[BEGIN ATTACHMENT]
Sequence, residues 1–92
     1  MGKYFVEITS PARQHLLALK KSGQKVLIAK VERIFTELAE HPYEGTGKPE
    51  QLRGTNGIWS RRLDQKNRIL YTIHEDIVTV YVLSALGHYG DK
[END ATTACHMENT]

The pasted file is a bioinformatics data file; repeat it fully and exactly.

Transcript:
Sequence, residues 1–92
     1  MGKYFVEITS PARQHLLALK KSGQKVLIAK VERIFTELAE HPYEGTGKPE
    51  QLRGTNGIWS RRLDQKNRIL YTIHEDIVTV YVLSALGHYG DK